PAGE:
The biggest concern for most people is the cost of organic. Michael made a great point. “Think of the added cost as a micro donation for the land and the people growing it.”

I also met Reyna and her husband Guadalupe – who both touched my heart and soul. When Reyna first came to this country from Mexico City at the age of 14 she found herself in the fields picking produce for commercial growers in Oxnard. While living in Mexico she had no experience in farming, but came to America with the American dream and stumbled on working on the field.

She said it was hard work complete with 12 hour days and sore backs. She grew to love farming despite the hard work, but wanted to find a farm that she can partner with and grow crops naturally the way nature intended.

She came across the McGrath Family Farm and is now the production manager for The Abundant Table, a faith-based farm project leasing five acres from Camarillo’s McGrath Family Farm. She is not an owner of the farm, but you would never know it. She cultivates the land with love, passion, gratitude, and God.

She believes we are connected to the earth and we are brothers and our lives spiritually, emotionally, physically need to die in order to live. Just like plants we have a cycle and need to die to regrow. She has learned the cycles of life on the farm and to appreciate the rain and the droughts.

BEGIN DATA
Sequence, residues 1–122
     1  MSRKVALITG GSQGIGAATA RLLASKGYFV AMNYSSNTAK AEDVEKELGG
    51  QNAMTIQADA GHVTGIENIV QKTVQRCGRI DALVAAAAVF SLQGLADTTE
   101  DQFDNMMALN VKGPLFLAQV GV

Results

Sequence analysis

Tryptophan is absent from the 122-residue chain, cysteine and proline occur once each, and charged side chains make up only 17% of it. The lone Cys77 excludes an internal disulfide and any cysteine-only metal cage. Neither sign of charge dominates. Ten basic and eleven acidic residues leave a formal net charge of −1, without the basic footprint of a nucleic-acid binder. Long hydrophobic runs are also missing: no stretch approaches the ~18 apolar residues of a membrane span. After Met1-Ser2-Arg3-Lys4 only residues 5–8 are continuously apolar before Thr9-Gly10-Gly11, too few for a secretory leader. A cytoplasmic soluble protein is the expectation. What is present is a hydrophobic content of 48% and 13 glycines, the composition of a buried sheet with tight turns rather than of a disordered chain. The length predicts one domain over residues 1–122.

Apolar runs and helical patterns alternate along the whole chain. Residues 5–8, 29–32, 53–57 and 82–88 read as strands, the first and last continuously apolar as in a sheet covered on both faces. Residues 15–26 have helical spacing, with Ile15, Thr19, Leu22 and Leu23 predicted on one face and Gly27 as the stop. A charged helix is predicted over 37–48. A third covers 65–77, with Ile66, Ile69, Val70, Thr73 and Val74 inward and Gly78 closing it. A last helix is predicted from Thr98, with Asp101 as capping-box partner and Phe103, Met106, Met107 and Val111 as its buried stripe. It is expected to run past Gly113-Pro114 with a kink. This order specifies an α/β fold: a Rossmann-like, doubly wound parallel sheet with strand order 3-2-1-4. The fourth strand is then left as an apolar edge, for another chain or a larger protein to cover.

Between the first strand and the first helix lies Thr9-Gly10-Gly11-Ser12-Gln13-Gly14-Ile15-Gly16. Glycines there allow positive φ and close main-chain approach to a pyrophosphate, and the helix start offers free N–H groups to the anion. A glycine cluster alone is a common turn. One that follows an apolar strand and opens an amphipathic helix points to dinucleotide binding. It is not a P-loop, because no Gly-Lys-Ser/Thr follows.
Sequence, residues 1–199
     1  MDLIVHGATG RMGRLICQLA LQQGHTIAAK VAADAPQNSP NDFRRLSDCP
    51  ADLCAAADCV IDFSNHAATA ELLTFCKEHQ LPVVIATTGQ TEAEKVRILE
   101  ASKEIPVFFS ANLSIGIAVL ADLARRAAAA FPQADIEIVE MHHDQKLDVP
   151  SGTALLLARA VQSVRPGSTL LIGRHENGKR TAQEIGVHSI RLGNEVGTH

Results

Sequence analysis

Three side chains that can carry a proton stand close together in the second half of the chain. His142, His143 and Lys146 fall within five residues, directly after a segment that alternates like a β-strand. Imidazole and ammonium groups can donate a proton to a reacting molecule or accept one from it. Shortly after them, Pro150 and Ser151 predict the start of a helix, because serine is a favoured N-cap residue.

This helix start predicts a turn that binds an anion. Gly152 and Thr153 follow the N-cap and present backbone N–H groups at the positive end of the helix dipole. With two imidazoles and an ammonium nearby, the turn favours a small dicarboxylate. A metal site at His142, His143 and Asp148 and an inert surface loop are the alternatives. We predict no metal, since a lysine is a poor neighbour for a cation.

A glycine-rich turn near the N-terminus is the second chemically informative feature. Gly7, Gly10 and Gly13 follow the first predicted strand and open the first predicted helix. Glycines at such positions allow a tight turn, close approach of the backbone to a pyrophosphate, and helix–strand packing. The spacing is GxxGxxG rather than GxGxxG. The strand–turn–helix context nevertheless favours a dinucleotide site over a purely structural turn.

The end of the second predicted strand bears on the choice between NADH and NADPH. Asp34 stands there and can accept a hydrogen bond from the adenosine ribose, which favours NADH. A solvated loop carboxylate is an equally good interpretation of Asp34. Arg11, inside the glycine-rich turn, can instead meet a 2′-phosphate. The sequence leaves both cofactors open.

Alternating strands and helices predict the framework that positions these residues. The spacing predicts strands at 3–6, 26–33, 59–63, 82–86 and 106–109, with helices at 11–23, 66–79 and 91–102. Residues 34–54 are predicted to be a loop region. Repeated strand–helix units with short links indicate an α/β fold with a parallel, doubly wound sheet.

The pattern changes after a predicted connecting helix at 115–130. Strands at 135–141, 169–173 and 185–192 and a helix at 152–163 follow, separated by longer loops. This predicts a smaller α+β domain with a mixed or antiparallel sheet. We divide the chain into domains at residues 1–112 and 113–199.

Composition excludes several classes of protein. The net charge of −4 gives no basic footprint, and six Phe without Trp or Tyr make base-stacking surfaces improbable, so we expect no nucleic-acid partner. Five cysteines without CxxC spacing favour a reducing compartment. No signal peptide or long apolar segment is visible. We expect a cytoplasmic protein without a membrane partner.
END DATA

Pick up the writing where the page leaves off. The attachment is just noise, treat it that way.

Reyna and Guadalupe’s vision of working on an organic farm has grown the McGrath farm into more than crops. Now they have free range chickens and sell farm fresh eggs. I don’t doubt that their vision to have more animals will keep growing.

I also met Jeanette who is a field coordinator at The Abundant Table and like all the other farmers has a passion for caring for the land, creating healthy communities, and cultivating food justice.

Every farmer on this piece of land has one goal – to have sustainable quality food, a gift for the community grown with love, respect, and gratitude.

After this farm tour, I am inspired to learn more about expanding my home garden, buying sustainable, clean products, and convincing my hubby to get some chickens, but most of all to support local farmers. If there are no farms, there is no food.

Just like Reyna and the other farmers I met – Pure Farmland is committed to providing consumers with sustainable, socially conscious products and is partnering with American Farmland Trust to preserve American farmland and help save the land that sustains all of us.

Through their partnership, now through December 31, 2019, Farmland has pledged to protect one square foot of American farmland for every specially-marked Pure Farmland item purchased, up to $140,000. Better yet, stay tuned for a delicious Pure Farmland bacon recipe coming soon inspired by my farm tour.

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This post is in partnership with Pure Farmland and American Farmland Trust. As always, thank you for reading and for supporting companies I partner with, which allows me to create more unique content and recipes for you. All opinions are always my own.